He's never heard? Where did he "hear" about the 50k deaths? Oh, he means he doesn't know of anyone who has died from it. Cool. I'm sure he doesn't know of anyone who's died from aids or chicken pox. those aren't real then. I dont' know anyone who's died in a plane crash either - so those aren't real. this dumb faggot is not a man.

      Cheeeee(tos) - I wonder, if he thinks there are 50k deaths in a country of 330mil, what exactly does he think his chances are of knowing one of those 50k who died.
      — Scott Adams (@rides the short bus, @is a dumb faggot, @likes big bear penis, @velcro shoes)

      • (Score: 0) by Anonymous Coward on Sunday May 02, @05:07PM (1 child)

        by Anonymous Coward on Sunday May 02, @05:07PM (#1145421)
        Those 50,000 deaths were an estimate - the CDC admits as much and its right in the article that it’s only an estimate.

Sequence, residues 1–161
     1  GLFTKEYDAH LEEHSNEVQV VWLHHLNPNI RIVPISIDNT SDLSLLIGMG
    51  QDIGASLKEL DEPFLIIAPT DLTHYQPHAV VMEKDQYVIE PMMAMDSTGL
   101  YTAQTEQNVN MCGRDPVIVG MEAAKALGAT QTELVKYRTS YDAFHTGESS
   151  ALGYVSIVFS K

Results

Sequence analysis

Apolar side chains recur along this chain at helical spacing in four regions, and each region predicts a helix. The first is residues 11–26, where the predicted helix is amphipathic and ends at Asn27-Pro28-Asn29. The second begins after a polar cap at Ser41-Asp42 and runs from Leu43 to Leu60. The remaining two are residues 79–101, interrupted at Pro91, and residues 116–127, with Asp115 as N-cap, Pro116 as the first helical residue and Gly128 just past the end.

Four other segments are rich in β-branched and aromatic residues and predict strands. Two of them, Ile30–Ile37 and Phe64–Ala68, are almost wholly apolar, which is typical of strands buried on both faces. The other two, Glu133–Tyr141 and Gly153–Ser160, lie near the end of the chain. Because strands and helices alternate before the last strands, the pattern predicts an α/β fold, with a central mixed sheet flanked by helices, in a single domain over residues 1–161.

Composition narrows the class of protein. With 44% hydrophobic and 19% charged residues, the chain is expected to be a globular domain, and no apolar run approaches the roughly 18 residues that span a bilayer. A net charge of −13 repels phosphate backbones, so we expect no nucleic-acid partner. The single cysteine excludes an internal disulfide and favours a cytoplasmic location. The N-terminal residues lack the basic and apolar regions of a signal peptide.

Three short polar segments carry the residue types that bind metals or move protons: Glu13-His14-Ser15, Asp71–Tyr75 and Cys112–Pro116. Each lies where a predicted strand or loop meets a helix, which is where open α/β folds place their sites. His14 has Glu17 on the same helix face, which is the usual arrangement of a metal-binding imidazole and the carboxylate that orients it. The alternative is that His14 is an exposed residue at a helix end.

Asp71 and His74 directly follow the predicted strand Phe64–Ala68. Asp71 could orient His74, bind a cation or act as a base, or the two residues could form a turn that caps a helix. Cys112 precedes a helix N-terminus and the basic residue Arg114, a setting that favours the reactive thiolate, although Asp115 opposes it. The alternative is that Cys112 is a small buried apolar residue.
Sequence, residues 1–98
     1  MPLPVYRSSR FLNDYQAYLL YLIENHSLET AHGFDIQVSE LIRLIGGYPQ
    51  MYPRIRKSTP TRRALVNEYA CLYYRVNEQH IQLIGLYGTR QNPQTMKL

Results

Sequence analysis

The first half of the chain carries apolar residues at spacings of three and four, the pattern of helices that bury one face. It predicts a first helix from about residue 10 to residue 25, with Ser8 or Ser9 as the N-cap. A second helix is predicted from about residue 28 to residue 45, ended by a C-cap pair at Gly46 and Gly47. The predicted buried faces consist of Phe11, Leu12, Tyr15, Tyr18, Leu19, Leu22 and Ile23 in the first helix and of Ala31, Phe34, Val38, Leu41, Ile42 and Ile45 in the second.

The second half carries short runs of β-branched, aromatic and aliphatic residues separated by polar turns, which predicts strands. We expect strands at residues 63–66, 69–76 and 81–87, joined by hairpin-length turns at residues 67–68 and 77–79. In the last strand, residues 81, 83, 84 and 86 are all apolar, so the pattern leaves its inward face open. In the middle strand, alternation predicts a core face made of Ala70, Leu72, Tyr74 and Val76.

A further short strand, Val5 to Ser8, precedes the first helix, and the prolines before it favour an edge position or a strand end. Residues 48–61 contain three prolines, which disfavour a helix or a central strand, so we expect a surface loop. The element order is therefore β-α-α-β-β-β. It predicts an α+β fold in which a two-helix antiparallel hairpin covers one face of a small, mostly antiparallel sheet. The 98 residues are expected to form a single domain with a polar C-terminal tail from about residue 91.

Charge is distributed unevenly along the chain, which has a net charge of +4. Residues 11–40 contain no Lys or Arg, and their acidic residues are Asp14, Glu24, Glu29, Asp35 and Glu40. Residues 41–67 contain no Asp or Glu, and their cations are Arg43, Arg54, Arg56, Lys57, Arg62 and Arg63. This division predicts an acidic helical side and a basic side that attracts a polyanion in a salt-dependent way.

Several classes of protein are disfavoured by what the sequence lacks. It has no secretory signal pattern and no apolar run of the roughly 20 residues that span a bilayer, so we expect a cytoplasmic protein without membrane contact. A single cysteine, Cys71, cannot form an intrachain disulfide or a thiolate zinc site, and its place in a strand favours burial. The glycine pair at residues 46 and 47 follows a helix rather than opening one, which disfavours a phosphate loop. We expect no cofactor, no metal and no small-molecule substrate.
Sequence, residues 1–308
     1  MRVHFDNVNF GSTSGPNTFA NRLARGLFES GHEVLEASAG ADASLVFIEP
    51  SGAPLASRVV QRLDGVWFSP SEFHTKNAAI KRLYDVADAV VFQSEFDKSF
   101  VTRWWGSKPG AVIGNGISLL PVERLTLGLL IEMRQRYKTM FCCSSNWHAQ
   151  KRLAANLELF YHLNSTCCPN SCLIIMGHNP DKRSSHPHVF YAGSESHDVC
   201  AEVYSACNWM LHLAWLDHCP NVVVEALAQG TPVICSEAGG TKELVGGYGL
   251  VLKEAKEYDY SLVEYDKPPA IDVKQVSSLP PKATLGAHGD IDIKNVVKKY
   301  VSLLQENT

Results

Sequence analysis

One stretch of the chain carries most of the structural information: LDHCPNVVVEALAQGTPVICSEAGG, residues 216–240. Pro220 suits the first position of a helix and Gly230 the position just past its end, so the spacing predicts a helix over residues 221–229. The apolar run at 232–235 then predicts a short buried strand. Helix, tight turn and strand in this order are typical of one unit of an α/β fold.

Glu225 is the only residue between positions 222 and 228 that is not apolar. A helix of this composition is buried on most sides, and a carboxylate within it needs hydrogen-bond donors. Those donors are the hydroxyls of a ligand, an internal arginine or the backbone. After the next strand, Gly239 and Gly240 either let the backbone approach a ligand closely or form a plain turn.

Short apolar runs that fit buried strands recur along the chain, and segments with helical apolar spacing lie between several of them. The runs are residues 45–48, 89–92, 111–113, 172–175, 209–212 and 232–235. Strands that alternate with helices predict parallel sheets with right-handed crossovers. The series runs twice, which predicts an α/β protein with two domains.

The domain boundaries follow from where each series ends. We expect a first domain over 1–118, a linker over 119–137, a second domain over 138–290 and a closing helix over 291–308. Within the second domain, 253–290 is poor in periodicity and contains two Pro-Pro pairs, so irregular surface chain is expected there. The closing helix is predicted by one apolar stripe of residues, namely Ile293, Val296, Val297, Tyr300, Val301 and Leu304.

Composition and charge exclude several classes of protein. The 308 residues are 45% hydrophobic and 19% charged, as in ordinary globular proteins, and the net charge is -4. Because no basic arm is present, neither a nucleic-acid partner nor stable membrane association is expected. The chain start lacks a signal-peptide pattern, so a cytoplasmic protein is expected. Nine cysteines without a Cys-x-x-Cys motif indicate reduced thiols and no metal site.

It’s always been only an estimate.

        Today’s estimates are based on historical estimates (not historical body counts), from a time when peopte died much younger.

        The true numbers are so blatantly obviously much lower that the only reason people accept them is because they are the only numbers out there. But the whole thing should trip your baloney detector.

        Does it really matter? Yes, because bullshit like this fuels general vaccine skepticism, and some vaccines do work.

        It’s the same as when governments lied about masks, saying they didn’t work for the general public because they wanted to make sure there was enough for the hospitals. Anyone could go on Wikipedia and research the 1918 flu pandemic and read about how cities that had mask mandates had fewer deaths and the economy recovered quickly, and those that didn’t had more deaths and took longer to recover. So we knew more than 100 years ago that masks helped reduce exposure.

        And yes, they had anti-maskers then too.